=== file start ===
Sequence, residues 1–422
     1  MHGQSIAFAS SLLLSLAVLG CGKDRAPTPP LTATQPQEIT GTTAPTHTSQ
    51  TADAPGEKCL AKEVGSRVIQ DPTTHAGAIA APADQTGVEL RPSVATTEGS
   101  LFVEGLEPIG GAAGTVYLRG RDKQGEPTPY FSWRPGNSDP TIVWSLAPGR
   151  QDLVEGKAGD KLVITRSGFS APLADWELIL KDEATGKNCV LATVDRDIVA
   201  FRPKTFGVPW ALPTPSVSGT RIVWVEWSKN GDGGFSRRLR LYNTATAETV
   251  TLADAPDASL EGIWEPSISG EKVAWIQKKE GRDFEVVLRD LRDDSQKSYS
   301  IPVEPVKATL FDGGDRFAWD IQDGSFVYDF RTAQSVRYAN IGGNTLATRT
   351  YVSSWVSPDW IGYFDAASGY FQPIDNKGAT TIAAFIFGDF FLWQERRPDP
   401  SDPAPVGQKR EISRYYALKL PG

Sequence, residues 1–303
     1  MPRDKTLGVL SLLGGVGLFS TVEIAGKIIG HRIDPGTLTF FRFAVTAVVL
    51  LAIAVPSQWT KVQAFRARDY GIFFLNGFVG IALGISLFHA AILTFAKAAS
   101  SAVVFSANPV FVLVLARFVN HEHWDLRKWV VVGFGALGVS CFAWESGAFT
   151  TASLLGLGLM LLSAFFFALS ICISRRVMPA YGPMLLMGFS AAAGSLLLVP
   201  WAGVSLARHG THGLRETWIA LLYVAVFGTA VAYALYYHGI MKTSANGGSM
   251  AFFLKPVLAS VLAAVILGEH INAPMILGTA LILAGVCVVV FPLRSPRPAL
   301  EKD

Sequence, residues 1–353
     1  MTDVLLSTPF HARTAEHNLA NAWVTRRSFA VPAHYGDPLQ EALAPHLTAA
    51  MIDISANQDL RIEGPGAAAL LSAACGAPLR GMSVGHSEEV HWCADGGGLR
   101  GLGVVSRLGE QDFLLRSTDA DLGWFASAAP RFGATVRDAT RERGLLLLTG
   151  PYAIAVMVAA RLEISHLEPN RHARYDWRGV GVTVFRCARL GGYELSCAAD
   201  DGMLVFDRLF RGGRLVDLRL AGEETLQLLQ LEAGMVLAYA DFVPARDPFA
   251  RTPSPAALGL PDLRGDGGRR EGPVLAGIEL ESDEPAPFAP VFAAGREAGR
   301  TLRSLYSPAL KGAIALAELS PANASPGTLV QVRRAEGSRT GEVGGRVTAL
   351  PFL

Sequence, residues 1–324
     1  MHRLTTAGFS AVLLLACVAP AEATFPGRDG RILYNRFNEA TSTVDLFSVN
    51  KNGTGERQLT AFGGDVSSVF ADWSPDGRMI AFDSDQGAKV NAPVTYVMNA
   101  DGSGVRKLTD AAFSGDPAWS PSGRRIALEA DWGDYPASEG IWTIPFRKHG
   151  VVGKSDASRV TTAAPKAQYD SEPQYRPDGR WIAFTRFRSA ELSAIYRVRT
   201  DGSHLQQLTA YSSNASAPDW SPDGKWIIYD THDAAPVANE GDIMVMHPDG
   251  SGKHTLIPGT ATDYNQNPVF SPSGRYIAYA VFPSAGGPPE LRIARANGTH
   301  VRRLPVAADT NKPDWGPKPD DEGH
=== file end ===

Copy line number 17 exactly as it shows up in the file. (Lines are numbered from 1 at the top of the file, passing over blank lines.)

   251  AFFLKPVLAS VLAAVILGEH INAPMILGTA LILAGVCVVV FPLRSPRPAL